Source: Sherman Publications

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Twenty years of Papa Bella’s Pizza

by Susan Bromley

September 28, 2011

Above, Mark Bell and Joe D’Anna when Papa Bella’s Pizza first opened in 1991. Photo provided.
Mark Bell and Joe D’Anna 20 years later. Photo by Patrick McAbee.
By Susan Bromley

Staff Writer

Ortonville- Mark Bell and Joe D'Anna brought in just $37 the first Tuesday they were open for business as Papa Bella's Pizza, 425 Mill St.

"We wondered what we had gotten ourselves into," recalls Bell.

Business quickly grew through word-of-mouth, however, and this week, the independent hometown pizza place celebrates 20 years of success.

Bell estimates Papa Bella's has sold three-quarter of a million pizzas since they opened Oct. 1, 1991, averaging about 750 pies per week.

"We've been around 20 years because people like our food and you try to maintain that consistency," said D'Anna. "Our focus has always been on customer service and making great pizza."

D'Anna notes he has been in the pizza business for 37 years— he began delivering pizzas with the Dino's Pizza franchise when he was 16, driving a yellow 1968 Chevelle. He later met Mark Bell while working at a Dino's in Madison Heights.

The friends were having trouble finding work in 1991 when Bell was asked if he wanted to manage a pizza store in Ortonville, then known as "Papa John's Pizza." D'Anna suggested they buy the store. They researched the market and learned the area was growing and was not over-saturated with food establishments. The store would be sold to them relatively cheaply, so they decided to take a chance. The risk paid off.

D'Anna and Bell incorporated things they had learned at various pizza places they had worked at— using the dough recipe from Dino's, for example, and pepperoni from Green Lantern. They also used a vendor's recipe for cheese dip. Over the years, they have added to their product line, but haven't changed the pizza, submarine sandwich or salad recipes they started with, even though the pizza business itself has changed.

Bell notes that the biggest change in the pizza industry is the drive by some chains to feed families as cheaply as possible.

"We don't get too involved with that, because most people realize you get what you pay for," he said. "We've brought in a few things, but we try to maintain quality most of all."

Despite the new technology of conveyor ovens, Papa Bella's has stuck with the old-fashioned brick slate ovens they used two decades ago. Because consumers have become more health-conscious, Papa Bella's offers some healthy options, but Bell notes that pizza is still more of a "fun food."

Pepperoni and cheese pizzas are still the best sellers, followed by their BLT pizza and the special, which is topped with pepperoni, ham, mushrooms, onions, green peppers and bacon. Papa Bella's toppings selection has increased in recent years to include chicken, feta, spinach, sliced tomatoes, and red onions.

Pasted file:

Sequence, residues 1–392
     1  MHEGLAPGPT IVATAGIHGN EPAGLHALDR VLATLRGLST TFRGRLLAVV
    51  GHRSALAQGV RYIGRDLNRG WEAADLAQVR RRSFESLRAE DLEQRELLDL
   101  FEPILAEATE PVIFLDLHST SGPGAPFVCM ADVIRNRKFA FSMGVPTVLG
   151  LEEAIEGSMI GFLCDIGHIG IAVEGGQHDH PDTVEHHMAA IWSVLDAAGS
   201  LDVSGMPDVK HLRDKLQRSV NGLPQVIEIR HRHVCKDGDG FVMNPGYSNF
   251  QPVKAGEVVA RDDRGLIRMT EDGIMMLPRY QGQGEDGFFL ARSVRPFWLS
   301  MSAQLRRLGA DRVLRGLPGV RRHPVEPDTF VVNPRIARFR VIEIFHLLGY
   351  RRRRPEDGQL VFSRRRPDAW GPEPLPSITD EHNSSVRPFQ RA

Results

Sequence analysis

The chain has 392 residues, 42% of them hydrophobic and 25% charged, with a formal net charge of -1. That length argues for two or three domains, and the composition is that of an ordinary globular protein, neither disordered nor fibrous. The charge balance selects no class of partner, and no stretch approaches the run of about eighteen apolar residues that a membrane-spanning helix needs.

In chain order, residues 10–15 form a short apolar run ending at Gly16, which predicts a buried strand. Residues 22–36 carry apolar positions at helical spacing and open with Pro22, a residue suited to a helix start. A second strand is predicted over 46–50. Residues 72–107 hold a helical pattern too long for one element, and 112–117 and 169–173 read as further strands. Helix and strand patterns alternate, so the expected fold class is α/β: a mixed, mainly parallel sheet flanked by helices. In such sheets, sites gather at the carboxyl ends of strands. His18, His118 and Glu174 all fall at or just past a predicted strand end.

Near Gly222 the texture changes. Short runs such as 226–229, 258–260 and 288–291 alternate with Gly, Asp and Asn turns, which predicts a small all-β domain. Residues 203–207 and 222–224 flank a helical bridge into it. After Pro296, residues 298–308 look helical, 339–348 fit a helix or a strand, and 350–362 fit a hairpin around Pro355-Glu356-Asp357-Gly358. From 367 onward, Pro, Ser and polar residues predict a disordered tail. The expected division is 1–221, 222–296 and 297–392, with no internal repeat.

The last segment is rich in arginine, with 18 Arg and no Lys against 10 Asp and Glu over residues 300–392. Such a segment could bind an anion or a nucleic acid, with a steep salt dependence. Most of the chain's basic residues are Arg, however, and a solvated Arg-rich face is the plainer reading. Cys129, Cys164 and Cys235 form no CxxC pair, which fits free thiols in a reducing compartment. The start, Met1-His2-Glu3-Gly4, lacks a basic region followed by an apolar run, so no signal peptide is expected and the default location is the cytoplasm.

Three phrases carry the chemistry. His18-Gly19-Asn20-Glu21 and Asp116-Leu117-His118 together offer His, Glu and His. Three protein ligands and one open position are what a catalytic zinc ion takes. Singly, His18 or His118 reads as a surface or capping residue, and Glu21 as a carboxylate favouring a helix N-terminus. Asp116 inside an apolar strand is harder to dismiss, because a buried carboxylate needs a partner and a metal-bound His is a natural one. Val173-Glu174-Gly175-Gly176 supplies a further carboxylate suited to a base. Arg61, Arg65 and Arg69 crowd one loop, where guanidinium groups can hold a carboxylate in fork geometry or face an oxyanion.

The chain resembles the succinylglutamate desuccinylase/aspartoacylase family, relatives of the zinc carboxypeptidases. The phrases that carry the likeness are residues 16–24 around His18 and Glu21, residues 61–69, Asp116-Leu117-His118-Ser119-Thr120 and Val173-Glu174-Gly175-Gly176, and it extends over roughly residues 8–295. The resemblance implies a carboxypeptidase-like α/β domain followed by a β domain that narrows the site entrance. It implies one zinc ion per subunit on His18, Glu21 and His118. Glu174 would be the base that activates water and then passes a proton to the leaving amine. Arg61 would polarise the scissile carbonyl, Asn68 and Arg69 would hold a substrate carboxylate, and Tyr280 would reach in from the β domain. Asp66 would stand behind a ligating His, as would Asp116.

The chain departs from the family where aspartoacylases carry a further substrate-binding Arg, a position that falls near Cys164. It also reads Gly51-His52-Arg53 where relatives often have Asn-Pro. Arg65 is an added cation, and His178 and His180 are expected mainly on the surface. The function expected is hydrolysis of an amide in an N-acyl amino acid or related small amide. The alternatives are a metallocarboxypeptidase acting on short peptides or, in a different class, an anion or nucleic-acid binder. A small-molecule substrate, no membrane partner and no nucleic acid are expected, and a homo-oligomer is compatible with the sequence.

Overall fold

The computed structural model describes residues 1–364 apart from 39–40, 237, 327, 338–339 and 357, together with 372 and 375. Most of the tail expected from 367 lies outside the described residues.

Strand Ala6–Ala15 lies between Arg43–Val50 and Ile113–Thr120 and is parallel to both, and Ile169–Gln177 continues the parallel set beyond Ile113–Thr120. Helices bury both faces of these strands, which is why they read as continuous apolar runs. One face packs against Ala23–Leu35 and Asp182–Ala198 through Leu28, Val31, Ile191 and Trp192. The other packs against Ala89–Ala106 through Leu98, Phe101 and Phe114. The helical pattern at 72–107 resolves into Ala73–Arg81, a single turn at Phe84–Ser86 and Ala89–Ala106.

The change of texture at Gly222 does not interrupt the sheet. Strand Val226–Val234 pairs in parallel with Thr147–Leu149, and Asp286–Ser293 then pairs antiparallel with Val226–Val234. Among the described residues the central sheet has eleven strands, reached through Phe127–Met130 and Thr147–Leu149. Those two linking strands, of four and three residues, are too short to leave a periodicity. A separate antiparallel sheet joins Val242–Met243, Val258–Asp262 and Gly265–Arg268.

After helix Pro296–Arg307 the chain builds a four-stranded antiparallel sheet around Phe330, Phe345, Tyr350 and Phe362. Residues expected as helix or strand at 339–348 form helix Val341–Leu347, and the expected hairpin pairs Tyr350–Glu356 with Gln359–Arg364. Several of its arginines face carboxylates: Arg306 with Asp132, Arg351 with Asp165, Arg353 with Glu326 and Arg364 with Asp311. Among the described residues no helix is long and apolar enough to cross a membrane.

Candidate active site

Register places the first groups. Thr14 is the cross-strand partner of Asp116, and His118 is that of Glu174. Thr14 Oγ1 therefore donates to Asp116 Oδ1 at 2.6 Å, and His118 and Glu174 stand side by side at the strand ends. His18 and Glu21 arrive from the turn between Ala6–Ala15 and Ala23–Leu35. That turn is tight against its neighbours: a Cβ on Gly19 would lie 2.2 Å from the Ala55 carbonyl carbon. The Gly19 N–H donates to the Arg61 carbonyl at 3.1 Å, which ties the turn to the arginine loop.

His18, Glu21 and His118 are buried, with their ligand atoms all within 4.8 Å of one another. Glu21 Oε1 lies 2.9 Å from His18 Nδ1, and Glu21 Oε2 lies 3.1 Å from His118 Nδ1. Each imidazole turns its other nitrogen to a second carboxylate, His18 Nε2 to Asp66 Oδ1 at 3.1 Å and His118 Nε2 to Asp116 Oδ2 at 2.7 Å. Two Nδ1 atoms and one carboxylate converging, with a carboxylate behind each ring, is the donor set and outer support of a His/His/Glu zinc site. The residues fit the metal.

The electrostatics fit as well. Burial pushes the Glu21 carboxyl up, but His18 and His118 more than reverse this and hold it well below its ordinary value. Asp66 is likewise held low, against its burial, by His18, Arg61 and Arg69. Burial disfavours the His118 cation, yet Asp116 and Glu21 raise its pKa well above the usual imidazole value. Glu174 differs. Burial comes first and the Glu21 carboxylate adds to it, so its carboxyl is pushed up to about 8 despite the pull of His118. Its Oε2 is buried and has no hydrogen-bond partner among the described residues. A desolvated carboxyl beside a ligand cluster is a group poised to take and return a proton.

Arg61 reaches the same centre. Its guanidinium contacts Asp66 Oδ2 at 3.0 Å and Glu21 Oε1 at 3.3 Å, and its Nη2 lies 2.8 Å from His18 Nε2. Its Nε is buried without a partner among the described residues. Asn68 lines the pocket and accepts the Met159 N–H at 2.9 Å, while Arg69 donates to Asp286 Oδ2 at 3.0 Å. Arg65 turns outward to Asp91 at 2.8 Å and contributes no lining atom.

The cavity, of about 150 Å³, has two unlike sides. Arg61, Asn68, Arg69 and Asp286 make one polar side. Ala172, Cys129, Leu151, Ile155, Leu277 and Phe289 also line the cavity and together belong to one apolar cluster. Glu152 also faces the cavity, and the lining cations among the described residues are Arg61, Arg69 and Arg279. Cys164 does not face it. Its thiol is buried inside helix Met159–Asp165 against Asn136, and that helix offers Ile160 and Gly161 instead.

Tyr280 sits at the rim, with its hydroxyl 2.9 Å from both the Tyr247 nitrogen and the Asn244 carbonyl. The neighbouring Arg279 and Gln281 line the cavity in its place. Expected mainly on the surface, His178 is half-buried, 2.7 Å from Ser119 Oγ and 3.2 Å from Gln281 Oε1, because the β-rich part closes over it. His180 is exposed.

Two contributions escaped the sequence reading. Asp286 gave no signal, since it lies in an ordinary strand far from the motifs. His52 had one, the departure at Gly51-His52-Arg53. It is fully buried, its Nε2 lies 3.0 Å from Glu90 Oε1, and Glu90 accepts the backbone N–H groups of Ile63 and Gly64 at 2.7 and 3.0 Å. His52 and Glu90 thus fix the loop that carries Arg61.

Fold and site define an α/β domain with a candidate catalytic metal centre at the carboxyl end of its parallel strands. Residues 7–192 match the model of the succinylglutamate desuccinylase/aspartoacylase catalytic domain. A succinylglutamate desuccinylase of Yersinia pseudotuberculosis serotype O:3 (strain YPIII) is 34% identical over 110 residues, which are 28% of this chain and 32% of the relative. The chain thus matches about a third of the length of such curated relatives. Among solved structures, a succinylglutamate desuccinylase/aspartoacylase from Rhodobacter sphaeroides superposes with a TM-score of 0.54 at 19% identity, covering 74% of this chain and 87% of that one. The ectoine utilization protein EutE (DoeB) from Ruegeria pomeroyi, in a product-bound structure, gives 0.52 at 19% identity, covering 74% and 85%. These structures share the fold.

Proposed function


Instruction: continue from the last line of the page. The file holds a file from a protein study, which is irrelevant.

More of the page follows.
Bell and D'Anna still remember the customer who regularly ordered the oddest combination of toppings they've seen: hot peppers, feta cheese, green olives and anchovies. Bell has also had customers who requested artichokes and calamari be baked on their pizzas.

Papa Bella's opened with a staff of just four— Bell, D'Anna, Bell's wife Denise, and her brother. They now have 15 employees. Bell and D'Anna are working owners, with at least one of them in the pizzeria every day, ensuring the product is consistent.

After all these years, they still love pizza and what they do.

"You do what you know, you stick with what you know," said D'Anna, whose favorite pizza is pepperoni, ground beef, and onion, square with extra cheese. "I like the people and chit chatting with customers. We've watched families grow up— kids that were 8-, 10-, 12-years-old have grown up and when they come back and visit mom and dad, they come get pizza from us. One customer, when she goes and visits her son, he asks her to bring a Papa Bella's pizza."

"We're on a first-name basis with a lot of customers, it's like visiting with friends every day and it makes the job enjoyable," said Bell, who still eats pizza when he goes out of town, sometimes two or three times in a week from independent places, to see what they are doing.

D'Anna notes that different parts of the country have different tastes. What sells in Chicago, he said, wouldn't sell in New York and what is popular in California isn't in Georgia and Alabama.

The biggest challenge for D'Anna and Bell are the hours— working nights and weekends and holidays. The biggest night of the week if Friday and the busiest days of the year are Halloween, Thanksgiving Eve, New Year's Eve and Super Bowl Sunday.

"We've looked into expansion over the years, but it really comes down to this— we would have to split up and have one of us at one place, and the other at the second place. We enjoy time with our families, and had to ask ourselves, 'Do we want to work to live, or live to work?' We put a premium on family time."

Bell is married to Denise, and has one daughter, Paige. D'Anna is married to Karen and has two sons, Dominic and Joey.

D'Anna said customers can expect Papa Bella's to be around for many years to come.

"Twenty years from now, I'll still be making pizzas so I can get my kids through college," he said.

Papa Bella's Pizza, 425 Mill St., Ortonville. 248-627-4941.